They say: 'Remember, it is super important to come back before your pet gets too worried (it'll take time before that's hours). And try not to make a big deal about goodbyes or reunions as you come and go.'
4. Set up a video call to check if there may be problems
Obviously, setting up a Zoom, Skype or Teams call with your dog or cat while they are at home alone all day is a fairly tricky thing to do - pets are not renowned for their computer skills.
However, using Zoom or another service to monitor how your dog is when you are not there in preparation for your days out at work can help.
Creedon explains: 'All dog owners should know how their dog responds to being alone, so one thing you can do is to set a Zoom call with your dog.
'Angle the camera so that you can see what is going on, leave the house like you would go it work, and then watch how your dog responds.
'If your dog appears anxious but settles down in 20-30 minutes, then there is nothing to worry about and you should monitor their behaviour for the rest of the day.'
Jennifer Bailey, CEO of Calla Ltd, took her dog Billy the French Bulldog to her work photoshoot
5. Take them to work
More companies have pet-friendly policies these days. Big names that welcome pets in the UK include Workday, Purina, Nestle and Amazon.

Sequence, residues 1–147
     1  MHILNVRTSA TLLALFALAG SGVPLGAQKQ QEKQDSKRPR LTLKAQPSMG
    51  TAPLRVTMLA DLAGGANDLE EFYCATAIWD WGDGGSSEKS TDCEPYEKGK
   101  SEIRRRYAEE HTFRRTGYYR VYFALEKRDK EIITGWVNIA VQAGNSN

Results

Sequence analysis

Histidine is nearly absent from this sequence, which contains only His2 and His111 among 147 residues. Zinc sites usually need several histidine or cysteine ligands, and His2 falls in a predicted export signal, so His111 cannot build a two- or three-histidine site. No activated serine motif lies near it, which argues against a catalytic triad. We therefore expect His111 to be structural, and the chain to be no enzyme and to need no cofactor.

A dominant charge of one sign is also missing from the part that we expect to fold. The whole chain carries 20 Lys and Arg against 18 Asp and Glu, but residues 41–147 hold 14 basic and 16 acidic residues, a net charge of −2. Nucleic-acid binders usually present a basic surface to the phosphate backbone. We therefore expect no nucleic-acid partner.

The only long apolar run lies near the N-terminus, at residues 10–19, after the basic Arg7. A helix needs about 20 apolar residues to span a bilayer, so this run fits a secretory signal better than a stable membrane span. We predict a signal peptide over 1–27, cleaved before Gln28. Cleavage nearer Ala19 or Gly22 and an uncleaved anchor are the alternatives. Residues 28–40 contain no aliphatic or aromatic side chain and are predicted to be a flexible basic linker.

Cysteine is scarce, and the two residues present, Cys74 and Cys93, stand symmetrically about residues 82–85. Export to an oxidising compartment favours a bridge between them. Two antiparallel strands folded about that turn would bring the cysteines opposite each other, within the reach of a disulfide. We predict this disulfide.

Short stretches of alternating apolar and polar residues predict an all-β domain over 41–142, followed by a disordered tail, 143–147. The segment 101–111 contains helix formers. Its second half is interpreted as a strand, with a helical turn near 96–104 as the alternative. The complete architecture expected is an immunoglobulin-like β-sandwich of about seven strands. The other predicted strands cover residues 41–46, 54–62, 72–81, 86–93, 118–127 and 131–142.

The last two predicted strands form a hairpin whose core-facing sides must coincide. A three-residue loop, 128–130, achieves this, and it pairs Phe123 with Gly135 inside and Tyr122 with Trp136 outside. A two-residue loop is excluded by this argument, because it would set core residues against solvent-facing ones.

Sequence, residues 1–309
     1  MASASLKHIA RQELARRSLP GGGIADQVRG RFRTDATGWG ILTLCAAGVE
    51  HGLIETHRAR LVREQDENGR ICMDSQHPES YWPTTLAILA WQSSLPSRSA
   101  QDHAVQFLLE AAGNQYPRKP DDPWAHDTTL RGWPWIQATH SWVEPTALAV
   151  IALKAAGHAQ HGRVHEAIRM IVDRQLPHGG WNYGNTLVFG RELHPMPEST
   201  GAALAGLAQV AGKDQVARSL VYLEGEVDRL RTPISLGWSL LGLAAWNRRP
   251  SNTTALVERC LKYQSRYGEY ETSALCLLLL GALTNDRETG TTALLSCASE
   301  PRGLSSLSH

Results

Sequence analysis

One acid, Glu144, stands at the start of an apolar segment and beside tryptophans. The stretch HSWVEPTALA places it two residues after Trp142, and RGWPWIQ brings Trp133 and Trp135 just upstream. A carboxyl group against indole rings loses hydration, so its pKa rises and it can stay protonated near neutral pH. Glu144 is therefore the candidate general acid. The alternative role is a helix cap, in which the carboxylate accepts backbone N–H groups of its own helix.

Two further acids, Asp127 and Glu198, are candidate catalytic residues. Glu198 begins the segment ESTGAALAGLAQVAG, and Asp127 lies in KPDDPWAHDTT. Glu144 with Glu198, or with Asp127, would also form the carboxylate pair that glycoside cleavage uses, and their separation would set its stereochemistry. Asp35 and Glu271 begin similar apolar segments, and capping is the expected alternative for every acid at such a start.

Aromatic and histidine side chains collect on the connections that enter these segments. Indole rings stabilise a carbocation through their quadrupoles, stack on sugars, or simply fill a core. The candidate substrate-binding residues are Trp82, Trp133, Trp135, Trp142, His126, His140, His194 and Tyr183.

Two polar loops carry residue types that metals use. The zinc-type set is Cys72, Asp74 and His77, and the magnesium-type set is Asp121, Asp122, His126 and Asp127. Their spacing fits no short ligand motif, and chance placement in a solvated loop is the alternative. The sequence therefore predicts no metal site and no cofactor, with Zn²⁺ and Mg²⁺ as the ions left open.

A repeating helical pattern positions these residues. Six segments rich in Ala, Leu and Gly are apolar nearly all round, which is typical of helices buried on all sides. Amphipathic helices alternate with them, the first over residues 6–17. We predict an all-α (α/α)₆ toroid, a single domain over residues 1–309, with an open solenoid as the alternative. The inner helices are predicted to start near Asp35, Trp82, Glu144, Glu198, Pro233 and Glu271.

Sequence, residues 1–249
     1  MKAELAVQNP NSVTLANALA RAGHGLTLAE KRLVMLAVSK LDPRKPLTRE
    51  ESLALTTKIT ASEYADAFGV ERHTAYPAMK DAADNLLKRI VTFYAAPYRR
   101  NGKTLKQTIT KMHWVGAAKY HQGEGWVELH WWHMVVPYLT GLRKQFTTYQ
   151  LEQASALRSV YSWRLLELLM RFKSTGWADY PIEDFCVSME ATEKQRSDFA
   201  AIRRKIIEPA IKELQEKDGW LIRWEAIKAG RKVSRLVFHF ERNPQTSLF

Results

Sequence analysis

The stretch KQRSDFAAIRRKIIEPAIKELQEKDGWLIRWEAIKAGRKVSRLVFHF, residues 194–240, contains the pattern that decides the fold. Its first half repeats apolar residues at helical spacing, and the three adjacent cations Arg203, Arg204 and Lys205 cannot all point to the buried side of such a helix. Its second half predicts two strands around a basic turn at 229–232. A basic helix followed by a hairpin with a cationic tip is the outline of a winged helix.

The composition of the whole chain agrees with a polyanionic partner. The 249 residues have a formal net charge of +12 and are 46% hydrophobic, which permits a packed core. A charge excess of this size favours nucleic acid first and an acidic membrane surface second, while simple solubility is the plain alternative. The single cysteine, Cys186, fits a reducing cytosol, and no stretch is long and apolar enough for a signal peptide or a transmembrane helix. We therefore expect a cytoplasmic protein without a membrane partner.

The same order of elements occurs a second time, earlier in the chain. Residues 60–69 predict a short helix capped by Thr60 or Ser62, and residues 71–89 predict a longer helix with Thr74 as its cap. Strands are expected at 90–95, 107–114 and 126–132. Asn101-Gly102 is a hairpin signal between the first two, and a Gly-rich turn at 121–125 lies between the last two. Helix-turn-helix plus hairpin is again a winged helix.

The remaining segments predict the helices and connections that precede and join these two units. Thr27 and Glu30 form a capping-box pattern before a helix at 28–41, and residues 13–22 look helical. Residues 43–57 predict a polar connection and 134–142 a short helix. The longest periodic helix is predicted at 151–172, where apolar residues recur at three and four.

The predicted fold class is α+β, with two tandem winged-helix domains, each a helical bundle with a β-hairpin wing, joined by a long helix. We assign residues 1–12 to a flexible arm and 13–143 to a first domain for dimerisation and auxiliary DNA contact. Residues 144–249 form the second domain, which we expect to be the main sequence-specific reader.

Other smaller companies may also choose to do so, although it is worth bearing in mind that colleagues may not want pets in the office and may suffer from allergies.
Jennifer Bailey CEO of Calla Ltd, which sells shoes online, takes her dog to work. Billy the French Bulldog even attended a photoshoot.
Jennifer says: 'We have waited a long time to get a dog as a family but lockdown and the fact that I am able to work from home and take my dog in to the office helped seal the deal. I use co-working spaces in Manchester and fortunately they accept well-behaved dogs!'
Meanwhile, journalist Suzanne Baum adopts a mixed strategy when it comes to the care of her cockapoo, Coco.
She explains: 'As a celebrity interviewer I either go to a celeb's house to interview them or dog-friendly hotels and everyone seems to be accepting of dogs.
'Even yesterday when I interviewed Lorraine Kelly, for example, she was totally dog-friendly. So, my plan is, to work more from dog-friendly cafes and hotels, use my dog-walker once a week to keep up their relationship and then on the odd few hours leave Coco home alone.'
6. Get a dog behaviour specialist